xoxoxo Cat


#13

I do get faster, because once I know how something works, it goes quicker for other stuff I need it for. However, directing will always take a lot of time. I think I can say that I am experienced with advanced directing, but it can still take me days to properly direct a chapter. :disappointed_relieved:


#14

Well… I’ve been writing on Episode for over a year now, and whether you speed up or not depends on how you write.

To be honest, when I saw starting out, I was really fast at writing because I spend about two to four months extensively planning and researching my story (I’d read through all the guides, read Episode stories to get used to the layout, look at background and art catalogues). I was also really inspired, had plenty of time, and felt happy and all, so I wrote really fast (I managed to write an episode in around 8 hours!).

But, as I’ve grown as an author, I’ve slowed down a bit. Because I already knew my whole story plot, and because I’m a narrative/descriptive author outside of Episode, the advanced spot directing and things like that would irritate me, and I’d procrastinate and take ages to write. I also had a lot less time, and was trying to improve my branching and directing.

Right now though, I’m faster than I was a few months ago. Not as fast as I first was, but I’ve learnt to accept that, and the quality of my episodes is significantly better, so I can deal with that. Overall, I’d say it depends on the person, but usually, once you get into it, and you’re feeling motivated, I can confidently say that you should expect to write faster than when you’re initially doubting yourself and going very slowly (we’ve all been there).

My best advice, if you want to speed up, is plan things out as much as you can. Dream about your characters, your story, and be inspired. But also don’t be afraid to change things. One of the reasons I slowed down writing is because I already knew exactly what was going to happen, I just had to write it. So, keep changing things, don’t be afraid to come up with new ideas and plot twists. My second tip would be, make sure you know the Advanced Directing Guides really well. Lastly, stay inspired in terms of directing. Directing will only take ages if you want it to. Try and read Episode stories with great directing to give you ideas, and if you need to, limit yourself - only have, say, a maximum of three advanced spot directing scenes per episode. Don’t be afraid to start a new project too, or to step away from the portal and take a break for a few weeks, Don’t push things, just go with it, and do your best. Just imagine the satisfaction and pride at publishing an amazing story! It’s all worth it in the end, when you get cute fanmails and sweet DMs and you meet fantastic people, so don’t give up! xx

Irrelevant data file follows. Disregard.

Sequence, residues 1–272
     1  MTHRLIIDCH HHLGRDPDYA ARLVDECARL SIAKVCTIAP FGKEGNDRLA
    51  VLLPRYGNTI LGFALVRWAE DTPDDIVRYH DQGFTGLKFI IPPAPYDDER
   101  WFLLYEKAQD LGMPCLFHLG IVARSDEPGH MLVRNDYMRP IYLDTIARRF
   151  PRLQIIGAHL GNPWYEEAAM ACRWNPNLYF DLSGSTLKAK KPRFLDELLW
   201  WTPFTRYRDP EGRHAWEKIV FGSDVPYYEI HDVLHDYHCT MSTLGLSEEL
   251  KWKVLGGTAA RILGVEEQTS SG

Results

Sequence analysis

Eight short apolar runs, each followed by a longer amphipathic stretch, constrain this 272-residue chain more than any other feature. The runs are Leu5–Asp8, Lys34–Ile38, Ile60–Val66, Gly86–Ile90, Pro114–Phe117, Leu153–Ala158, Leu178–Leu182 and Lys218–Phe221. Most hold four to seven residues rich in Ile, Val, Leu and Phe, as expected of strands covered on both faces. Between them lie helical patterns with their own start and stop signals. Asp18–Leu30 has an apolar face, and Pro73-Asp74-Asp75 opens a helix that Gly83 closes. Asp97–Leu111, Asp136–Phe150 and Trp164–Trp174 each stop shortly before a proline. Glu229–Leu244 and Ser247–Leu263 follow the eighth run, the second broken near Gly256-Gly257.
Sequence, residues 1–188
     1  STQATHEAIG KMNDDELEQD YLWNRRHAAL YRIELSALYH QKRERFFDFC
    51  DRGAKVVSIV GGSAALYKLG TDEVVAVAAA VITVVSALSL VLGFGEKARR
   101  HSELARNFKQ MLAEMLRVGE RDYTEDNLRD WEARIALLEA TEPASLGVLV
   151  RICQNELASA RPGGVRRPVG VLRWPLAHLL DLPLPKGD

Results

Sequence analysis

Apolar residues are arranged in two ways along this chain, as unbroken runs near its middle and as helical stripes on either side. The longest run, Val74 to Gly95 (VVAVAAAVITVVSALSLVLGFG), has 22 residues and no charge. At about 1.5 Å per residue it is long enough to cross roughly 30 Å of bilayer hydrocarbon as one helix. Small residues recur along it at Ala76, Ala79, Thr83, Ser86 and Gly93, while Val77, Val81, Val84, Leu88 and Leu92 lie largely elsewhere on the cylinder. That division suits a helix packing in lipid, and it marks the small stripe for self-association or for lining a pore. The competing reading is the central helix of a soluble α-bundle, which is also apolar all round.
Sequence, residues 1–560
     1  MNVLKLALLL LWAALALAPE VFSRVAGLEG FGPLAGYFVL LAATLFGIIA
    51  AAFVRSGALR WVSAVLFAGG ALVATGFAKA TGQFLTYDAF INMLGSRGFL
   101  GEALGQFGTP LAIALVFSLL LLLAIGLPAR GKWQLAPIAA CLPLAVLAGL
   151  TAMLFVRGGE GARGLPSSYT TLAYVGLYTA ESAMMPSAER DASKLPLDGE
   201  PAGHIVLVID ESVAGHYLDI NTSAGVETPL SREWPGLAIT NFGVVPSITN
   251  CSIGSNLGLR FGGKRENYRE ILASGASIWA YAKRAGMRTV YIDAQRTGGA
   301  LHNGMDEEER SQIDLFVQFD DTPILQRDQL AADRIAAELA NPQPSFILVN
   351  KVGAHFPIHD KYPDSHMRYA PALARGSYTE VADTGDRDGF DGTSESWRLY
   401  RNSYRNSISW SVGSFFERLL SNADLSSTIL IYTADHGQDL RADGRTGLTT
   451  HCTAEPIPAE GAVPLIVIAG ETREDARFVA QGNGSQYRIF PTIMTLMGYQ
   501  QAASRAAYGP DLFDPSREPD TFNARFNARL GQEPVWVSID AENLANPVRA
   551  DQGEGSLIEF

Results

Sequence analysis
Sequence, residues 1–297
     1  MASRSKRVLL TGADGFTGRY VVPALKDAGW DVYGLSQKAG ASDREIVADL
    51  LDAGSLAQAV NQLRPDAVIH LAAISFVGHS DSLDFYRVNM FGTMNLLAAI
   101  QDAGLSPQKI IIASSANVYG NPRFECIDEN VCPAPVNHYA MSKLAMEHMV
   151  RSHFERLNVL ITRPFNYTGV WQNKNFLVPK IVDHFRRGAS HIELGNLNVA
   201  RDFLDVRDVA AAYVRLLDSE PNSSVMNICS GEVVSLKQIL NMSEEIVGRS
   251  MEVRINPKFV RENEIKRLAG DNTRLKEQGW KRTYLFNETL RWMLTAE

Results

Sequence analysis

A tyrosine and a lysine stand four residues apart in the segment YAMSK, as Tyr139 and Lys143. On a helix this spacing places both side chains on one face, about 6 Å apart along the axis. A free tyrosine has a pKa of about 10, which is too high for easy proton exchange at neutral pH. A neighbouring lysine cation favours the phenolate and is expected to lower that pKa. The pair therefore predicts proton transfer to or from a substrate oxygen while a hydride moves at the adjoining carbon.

#15

I was stuck on ONE scene for about 2 days until everybody here gave me some tips to write quicker, so I definitely know how you felt! Thanks for the inspiration!


#16

Same! It’s very frustrating sometimes.


#17

Thank you so much! This is so motivational!


#18

I started writing on January 1st of 2017 and I sucked so bad. I honestly think that I got slower just because now, I take more time to think about what I’m writing and what I’d like to publish. The directing comes so so so so much easier though. I have a mental catalogue of every single action that someone can do and can write lines of directing off the top of my head. That definitely comes with time.

I think that as you progress though, you learn more about what people like and don’t like, what makes a story interesting and noteworthy, and all that good stuff, so you slow down. At the very beginning, it was more about trying to learn what the actual crap you were doing and you could dish out episodes in a flash. At least that was me.

So when it comes to directing, you totally get faster, but as far as the story itself, a lot more thought gets put in. Thanks for this question! I hope this helps someone. Don’t give up because it’s totally worth it to get to that one year mark! You can start to really help new writers and you literally become a subject-matter expert on Episode.

As always, if anybody needs any help, feel free to message me. Have a great day! (Hoping I didn’t have any grammatical errors in my book up there.)


#19

Omg the perfectionists in us lol. I swear I do the same exact thing. But I feel like those are the habits that make a really good story. You can tell when somebody writes something and doesn’t check and fix it before publishing. That’s how you get two characters right next to each other hugging or kissing the air. Don’t be discouraged, though! As time goes on, you’ll start writing most things by heart and you won’t have to fix stuff as often. My proofreading sessions are so intense, I swear. Please message me if you ever need any help!


#20

Thank you so much for these lovely messages! You are super inspiring!! I really appreciate it!